In short, do your job and keep mum about everything else.

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    And what if his wife were injured by some other family member? Just when the husband wants to concentrate on comforting his wife and protecting her from X, he gets hit with trouble at work. That is assuming the fracture was not accidental - the social worker may have needed to talk to her about something other than her injury. – Patricia Shanahan Dec 6 '16 at 7:53
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    And perhaps someone noticed your husband was in the hospital and you were talking to a social worker who specializes in domestic abuse. Might that person, not knowing he has appendicitis, decide that you were potentially an abuser? That is how sketchy the assumption you have made is about your coworker. – HLGEM Dec 6 '16 at 19:01
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Her arm may have been broken by a neighbor, her boyfriend, a stranger who assaulted her on public transit, or in a genuine accident. The social worker could have been checking to see if her "story" held up and may have concluded her husband didn't assault her. All you really know about this man is that his wife needed medical assistance and social workers are now investigating his private life. I would silently extend him some pity and save my "I can't sit next to him" for when it's clearer what has happened (which may never happen.) I don't stick up for abusers, but you've put 2 and 2 together and got 7.

If you think the wife recognized you, you could mention something sympathetically about "both having partners in the hospital this weekend" and see if he wants to talk about it. If you think she didn't, say nothing. Meanwhile be 100% by-the-book as you do your job of liasing. Don't let the substandard work go by because he's having a tough time personally or because you are afraid to challenge him. Do you what you would do if you had never learned about his wife. It will doubtless be difficult. Whether he creeps you out as a vicious arm-breaker, or whether you feel sorry for him and the difficulties his family may now face, setting your personal feelings aside will be a challenge. Rise to it. Do what your company needs around the contractors, and do it well.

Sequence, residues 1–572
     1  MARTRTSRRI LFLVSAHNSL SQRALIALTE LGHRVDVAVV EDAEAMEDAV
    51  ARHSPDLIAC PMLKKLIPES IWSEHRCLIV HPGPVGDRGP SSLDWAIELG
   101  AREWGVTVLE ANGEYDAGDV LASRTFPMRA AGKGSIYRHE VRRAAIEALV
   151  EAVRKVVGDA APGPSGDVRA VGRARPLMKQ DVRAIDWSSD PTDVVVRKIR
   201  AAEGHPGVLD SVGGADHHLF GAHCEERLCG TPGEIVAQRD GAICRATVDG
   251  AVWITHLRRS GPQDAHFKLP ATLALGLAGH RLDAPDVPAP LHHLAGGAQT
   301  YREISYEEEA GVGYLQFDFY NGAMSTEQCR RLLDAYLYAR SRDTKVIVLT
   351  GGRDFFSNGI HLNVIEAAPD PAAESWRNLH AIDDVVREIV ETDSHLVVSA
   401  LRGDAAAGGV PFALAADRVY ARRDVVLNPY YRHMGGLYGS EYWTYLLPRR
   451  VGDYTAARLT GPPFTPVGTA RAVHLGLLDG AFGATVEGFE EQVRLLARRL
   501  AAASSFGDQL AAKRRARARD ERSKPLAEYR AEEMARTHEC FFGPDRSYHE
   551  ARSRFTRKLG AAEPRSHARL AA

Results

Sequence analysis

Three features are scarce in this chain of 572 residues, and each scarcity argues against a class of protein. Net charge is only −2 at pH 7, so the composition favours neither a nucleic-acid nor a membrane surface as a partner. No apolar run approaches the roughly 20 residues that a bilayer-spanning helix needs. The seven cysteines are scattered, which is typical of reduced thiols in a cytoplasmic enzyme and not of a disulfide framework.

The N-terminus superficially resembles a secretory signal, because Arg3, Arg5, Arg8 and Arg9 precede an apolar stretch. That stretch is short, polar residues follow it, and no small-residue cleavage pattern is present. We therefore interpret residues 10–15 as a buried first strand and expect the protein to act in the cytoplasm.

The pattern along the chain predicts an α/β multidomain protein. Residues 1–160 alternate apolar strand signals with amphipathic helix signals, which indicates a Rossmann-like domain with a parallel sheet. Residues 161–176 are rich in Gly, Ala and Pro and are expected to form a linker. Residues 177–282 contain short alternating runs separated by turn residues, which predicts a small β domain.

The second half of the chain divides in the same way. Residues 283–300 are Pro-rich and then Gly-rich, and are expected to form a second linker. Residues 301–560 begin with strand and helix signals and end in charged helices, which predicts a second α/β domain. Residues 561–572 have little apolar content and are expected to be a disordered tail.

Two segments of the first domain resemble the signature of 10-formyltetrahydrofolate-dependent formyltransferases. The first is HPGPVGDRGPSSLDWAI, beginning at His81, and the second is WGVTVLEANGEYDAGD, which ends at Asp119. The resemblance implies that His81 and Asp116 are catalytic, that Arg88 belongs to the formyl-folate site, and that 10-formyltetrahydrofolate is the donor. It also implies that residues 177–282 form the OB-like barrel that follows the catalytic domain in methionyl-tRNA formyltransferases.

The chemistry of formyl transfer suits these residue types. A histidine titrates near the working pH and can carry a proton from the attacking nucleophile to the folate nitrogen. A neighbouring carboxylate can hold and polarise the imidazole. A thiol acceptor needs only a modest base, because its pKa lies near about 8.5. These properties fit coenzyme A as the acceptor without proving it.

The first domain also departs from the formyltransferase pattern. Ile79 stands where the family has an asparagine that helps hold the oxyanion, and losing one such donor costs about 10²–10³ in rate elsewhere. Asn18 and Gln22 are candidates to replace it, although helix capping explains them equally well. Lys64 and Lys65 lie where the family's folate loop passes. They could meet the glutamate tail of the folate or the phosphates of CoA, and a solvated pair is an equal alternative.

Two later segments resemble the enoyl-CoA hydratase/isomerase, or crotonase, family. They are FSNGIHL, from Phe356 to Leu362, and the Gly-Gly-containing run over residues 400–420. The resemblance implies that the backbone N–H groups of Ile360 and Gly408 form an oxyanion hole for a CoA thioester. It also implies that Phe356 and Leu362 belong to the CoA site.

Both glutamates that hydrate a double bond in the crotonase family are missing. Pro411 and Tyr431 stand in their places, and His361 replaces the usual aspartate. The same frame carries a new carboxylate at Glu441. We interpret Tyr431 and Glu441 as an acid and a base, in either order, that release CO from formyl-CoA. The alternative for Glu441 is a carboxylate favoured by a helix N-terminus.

The moment you feel threatened, go to your boss and ask to have him removed. But that moment may never come.

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You are asking the unreasonable.

Note that the that the situation is more complex than you are bargaining for. He might be a domestic violence perp but his family relies on his paycheck. If you cause him to lose his job, his family may be out of their only source of income. I say, let the social agencies and the law deal with him, and butt out of it - He's got plenty to lose starting with his immigration status if he does not comply with the law and fails to cooperate with the social work agencies. Aside from that, if you try to do anything about what you surmise is the perp, you are doing it on the basis of incomplete information. Acting on incomplete information shouldn't bother you if you are a vigilante. In this case, the info you have is not merely incomplete, it is sketchy.

Substandard work from the offshore contractor is another issue altogether and it should be dealt at the appropriate management level if it is not already. That appropriate management level is not yours. Your job is to liaise and escalate to your management if you are encountering difficulties in liaising that you can't resolve at your level. Not more, not less.

You contributed what you know to the social worker and that should be the extent of your involvement unless you know more about the situation. Which you don't.

You don't have to solve the world's problems, especially if others are better equipped to do it than you and they are already on the job.

I recommend that you stick to the business of your firm and that you keep your interaction with him strictly business. If you want him removed as his company's liaison to your company, you will have to supply a rationale based on his failure to liaise with you.